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Thongak Lairembi

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Thongak Lairembi
(Old Manipuri: Thongak Lailempi)
Gatekeeper Goddess of the Entrance Gate to the Underworld Kingdom
Member of Lairembis
Thongak Leima (Thongak Lairembi)
Other names
AffiliationMeitei mythology (Manipuri mythology) and Meitei religion (Sanamahism)
Major cult centerLangol hills
AbodeLangol hills
RegionAncient Kangleipak (Antique Manipur)
Ethnic groupMeitei ethnicity
FestivalsLai Haraoba

Thongak Lairembi (Meitei: ꯊꯣꯡꯉꯥꯛ ꯂꯥꯢꯔꯦꯝꯕꯤ, romanized: thong-ngaak-laay-rem-bee, lit.'gatekeeper goddess'), also known as Langol Lairemma (Meitei: ꯂꯥꯡꯒꯣꯜ ꯂꯥꯢꯔꯦꯝꯃ, romanized: laang-ol-laay-rem-ma), is a primordial goddess in Meitei mythology and religion. She is the divine female personification of the death. She guards the door of the entrance to the underworld, which is the land of the death, ruled by her consort, Thongalel.[1][2][3] Legend says she gets departed from her husband when Thongalel was lost in the battle between the gods of the underworld and those of the upper world, in the hands of Salailen Sidaba. The winner asked the goddess, who is the wife of the loser, to be the gatekeeper of the entrance gate to the underworld, and for Thongalel, he gave him Khamnung Kikoi Louonbi, in return.[1][4]


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"Thongak Lairembi", the name of the goddess, written in medieval Meetei Mayek abugida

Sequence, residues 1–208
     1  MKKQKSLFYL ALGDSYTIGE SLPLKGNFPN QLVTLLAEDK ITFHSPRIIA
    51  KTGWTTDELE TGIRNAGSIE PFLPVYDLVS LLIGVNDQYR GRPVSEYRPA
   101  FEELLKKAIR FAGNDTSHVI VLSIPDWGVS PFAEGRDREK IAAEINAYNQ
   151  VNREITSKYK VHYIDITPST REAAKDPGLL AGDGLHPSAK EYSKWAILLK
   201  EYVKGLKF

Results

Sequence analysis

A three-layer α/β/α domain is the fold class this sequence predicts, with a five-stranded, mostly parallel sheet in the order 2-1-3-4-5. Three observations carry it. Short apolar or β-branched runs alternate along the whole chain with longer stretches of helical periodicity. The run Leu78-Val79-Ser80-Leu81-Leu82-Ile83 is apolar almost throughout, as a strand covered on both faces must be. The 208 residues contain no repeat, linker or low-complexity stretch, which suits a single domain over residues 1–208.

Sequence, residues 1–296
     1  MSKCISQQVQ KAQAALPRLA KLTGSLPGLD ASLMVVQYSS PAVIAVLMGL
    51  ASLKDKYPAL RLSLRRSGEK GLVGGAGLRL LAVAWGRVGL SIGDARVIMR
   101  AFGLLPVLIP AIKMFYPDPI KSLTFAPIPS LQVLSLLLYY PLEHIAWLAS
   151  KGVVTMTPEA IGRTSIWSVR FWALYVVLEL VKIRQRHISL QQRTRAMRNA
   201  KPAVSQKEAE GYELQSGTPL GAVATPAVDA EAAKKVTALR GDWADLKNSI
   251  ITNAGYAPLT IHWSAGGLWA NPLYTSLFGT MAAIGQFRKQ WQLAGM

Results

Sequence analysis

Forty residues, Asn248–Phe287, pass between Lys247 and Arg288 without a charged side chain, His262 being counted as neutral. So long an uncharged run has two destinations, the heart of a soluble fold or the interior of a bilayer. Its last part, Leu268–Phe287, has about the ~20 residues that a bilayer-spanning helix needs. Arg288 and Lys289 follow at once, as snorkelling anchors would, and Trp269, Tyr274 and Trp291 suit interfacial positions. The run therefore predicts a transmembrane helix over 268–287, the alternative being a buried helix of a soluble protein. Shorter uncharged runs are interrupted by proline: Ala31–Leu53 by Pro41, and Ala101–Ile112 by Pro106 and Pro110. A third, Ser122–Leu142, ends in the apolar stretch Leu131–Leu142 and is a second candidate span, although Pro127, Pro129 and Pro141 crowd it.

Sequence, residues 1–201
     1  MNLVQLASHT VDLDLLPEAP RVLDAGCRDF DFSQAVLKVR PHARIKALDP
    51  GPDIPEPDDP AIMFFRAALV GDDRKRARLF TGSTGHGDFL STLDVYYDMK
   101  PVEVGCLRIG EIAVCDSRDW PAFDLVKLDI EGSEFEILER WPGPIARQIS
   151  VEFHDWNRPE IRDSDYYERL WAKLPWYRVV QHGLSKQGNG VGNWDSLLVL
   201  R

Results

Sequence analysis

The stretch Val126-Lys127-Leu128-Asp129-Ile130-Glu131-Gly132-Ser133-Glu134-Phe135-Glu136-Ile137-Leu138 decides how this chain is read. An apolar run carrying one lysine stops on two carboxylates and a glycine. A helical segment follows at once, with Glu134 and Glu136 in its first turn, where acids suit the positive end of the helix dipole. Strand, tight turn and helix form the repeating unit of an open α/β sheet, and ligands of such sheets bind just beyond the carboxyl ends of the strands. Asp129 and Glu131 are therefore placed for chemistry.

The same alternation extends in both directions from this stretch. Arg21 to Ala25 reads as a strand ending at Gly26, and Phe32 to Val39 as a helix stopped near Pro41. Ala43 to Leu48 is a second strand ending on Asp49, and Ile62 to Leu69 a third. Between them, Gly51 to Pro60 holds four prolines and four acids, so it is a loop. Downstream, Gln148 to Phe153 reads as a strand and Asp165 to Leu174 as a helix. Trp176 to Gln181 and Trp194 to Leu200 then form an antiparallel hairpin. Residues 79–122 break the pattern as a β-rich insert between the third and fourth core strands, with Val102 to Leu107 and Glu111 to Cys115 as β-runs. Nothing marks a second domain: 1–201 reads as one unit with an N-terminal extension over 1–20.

The name "Thongak Lairembi" (/tʰóŋ.ŋak.pə. lai.rem.bi/) is made up of two Meitei language (Manipuri language) words, "Thongak" (ꯊꯣꯡꯉꯥꯛ, /tʰóŋ.ŋak./) and "Lairembi" (ꯂꯥꯢꯔꯦꯝꯕꯤ, /lai.rem.bi/). "Thongak" (adjectival form of noun word "Thongngakpa", /tʰóŋ.ŋak.pə/) means doorkeeper or gatekeeper in Meitei language (Manipuri language).[5] "Lairembi" (ꯂꯥꯢꯔꯦꯝꯕꯤ, /lai.rem.bi/) means goddess or a female divinity in Meitei language (Manipuri language).[6]


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Every year, the Lai Haraoba festival is celebrated in honor of goddess Thongak Lairembi (Old Manipuri: Thongak Lailempi).[7][8][9]

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  1. 1.0 1.1 "থোঙাক লাইরেম্বী" (PDF). hueiyenlanpao.com (in Manipuri).
  2. A Critical Study Of The Religious Philosophy. 1991. p. 108.
  3. A Critical Study Of The Religious Philosophy. 1991. p. 109.
  4. L. Kunjeswori (2003). Archaeology in Manipur. Rajesh Publications. p. 147. ISBN 978-81-85891-18-7.
  5. Sharma, H. Surmangol (2006). "Learners' Manipuri-English dictionary."Thongngakpa"". dsal.uchicago.edu. Retrieved 2022-03-22.
  6. Sharma, H. Surmangol (2006). "Learners' Manipuri-English dictionary."Lairembi"". dsal.uchicago.edu. Retrieved 2022-03-22.
  7. Raatan, T. (2004). Encyclopaedia of North-east India. ISBN 978-81-7835-274-9.
  8. Singh, N. Tombi (1975). Manipur and the Mainstream. Chitrebirentombichand Khorjeirup. p. 76.
  9. N. Tombi (1972). Manipur: A Study. Available with Raj Stores. p. 31.

Other websites

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